I take off from a small airport underneath the overlying "inverted wedding cake" of a large control zone. I call for and am given clearance to climb into the control zone. The GPS claims it's class B, but Canada doesn't have class B airspace below 12,500', so I know it's class C. I don't consider that to be an error in the database, though, more of a translation. An American company provides the database to overwhelmingly American clients, and Canadian class C rules match US class B rules, so it's simplest for all concerned to just tell them it's class B. Likely the Canadian controllers will even understand if someone with a November-registered callsign requests clearance "into Bravo." They'd probably respond with "Cleared as requested," and sidestep the whole issue of it being "Class Cee" here.
I depart controlled airspace to the east. As the controller clears me on route, he tells me to keep the code for when I return. I'm working back and forth below the 9500' shelf of the outlying control zone, when I realize I may be pretty close to the next layer down. I check the GPS and see that according to my trails, I have nicked the controlled airspace a couple of times without contact. And I'm not an anonymous 1200 squawk: the controller knows just who I am.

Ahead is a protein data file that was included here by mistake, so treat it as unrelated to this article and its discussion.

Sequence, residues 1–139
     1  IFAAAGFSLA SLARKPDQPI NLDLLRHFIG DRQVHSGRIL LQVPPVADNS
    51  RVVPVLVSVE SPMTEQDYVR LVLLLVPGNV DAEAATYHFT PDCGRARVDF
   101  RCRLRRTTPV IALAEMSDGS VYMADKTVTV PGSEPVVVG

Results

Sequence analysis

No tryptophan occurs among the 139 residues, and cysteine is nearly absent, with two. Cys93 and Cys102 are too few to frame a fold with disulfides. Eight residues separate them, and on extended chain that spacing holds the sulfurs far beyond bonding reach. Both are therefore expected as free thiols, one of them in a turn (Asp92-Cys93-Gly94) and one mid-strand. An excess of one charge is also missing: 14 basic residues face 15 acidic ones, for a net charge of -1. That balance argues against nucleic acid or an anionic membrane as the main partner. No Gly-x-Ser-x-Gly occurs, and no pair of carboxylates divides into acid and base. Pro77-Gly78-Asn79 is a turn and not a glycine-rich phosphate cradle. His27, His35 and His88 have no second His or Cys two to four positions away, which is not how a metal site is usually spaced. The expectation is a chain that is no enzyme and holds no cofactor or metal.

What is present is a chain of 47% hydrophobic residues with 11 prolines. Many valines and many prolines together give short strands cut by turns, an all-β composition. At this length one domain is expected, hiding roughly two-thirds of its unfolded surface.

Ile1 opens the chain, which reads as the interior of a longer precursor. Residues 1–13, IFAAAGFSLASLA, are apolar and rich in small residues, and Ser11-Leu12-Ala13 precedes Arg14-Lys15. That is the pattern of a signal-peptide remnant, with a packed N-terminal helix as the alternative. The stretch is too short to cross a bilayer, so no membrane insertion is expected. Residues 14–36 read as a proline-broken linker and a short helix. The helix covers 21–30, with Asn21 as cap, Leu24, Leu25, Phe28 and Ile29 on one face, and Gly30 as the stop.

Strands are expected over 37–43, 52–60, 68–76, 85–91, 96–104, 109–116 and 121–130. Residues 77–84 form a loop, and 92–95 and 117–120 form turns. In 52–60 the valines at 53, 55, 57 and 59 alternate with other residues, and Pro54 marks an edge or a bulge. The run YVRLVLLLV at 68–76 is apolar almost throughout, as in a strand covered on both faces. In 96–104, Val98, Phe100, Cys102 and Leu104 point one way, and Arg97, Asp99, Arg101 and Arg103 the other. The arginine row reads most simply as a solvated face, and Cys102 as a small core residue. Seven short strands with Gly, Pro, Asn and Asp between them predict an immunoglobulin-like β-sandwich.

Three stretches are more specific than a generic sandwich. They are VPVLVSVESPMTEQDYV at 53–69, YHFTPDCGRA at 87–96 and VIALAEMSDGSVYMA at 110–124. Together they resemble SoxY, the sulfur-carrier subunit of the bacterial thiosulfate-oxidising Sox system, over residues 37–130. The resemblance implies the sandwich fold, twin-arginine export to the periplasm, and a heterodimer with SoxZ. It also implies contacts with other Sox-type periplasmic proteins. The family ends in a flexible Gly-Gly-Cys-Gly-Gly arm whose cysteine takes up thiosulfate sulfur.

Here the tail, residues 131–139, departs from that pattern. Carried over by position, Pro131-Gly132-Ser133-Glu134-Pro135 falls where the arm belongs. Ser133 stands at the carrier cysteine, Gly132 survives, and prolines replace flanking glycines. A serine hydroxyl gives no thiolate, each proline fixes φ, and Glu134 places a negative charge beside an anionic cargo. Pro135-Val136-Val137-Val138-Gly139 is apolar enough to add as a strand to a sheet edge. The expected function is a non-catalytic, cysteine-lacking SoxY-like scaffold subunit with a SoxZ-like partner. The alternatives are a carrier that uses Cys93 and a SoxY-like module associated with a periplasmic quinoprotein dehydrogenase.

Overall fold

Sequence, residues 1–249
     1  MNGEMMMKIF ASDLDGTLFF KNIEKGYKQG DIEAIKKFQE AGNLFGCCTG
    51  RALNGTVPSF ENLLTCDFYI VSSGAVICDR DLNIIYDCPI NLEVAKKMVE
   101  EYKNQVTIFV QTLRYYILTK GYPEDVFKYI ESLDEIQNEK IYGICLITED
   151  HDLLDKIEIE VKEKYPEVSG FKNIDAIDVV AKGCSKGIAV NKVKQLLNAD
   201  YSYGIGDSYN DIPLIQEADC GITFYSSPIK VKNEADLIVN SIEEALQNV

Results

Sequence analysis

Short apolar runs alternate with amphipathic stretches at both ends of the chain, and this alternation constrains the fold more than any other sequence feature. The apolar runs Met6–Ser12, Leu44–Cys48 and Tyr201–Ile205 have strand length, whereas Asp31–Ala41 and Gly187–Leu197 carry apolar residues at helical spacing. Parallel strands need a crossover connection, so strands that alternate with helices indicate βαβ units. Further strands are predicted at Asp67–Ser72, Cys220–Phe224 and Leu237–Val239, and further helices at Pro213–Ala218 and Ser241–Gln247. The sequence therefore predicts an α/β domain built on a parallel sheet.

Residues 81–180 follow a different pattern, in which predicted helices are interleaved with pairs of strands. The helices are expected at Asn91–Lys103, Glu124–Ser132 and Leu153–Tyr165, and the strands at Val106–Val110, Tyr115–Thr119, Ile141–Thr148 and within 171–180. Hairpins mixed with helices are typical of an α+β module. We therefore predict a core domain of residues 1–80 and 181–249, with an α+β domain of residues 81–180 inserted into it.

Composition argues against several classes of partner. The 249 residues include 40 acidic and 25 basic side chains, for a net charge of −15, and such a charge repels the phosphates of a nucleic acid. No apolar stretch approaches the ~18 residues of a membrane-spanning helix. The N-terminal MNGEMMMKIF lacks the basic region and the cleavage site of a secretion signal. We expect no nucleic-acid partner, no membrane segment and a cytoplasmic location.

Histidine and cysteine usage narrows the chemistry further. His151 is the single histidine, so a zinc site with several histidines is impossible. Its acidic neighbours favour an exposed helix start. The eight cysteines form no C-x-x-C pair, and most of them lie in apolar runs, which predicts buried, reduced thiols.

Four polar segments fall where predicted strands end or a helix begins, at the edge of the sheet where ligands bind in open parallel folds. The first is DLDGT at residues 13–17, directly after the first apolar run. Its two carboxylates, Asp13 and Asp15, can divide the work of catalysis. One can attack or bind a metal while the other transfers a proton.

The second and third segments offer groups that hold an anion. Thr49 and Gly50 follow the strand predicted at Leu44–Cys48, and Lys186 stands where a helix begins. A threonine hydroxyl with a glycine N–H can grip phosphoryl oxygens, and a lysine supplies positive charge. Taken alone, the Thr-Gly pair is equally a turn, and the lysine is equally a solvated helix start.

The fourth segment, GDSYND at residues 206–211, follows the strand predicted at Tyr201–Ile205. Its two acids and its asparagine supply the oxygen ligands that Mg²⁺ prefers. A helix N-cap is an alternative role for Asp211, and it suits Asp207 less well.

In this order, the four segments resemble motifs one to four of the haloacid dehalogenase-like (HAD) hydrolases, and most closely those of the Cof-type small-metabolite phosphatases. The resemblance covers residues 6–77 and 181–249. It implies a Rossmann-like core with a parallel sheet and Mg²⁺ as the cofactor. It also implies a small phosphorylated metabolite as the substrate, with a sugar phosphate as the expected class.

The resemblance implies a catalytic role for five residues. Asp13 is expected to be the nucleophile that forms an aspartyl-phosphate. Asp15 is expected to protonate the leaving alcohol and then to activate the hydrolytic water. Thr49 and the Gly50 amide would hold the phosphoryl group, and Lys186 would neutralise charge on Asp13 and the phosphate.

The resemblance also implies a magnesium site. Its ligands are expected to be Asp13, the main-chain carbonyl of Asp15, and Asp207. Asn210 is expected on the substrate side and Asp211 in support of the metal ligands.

I'd 'fess up anyway, so as I approach the zone again I retune him on the radio. He's having a personal conversation with another pilot about I can't remember what. It bodes well, though. It shows that he's not busy, not stressed and in a good mood. I make contact and admit "I think I've clipped the corner of your airspace a couple of times. I'm calling to beg your forgiveness and ask permission to do it again." He laughs on the radio and grants my request. Phew.
And yikes, yesterday's insect bite has raised a huge red itchy welt, twice the diameter of a tooney. That couldn't have been a wasp.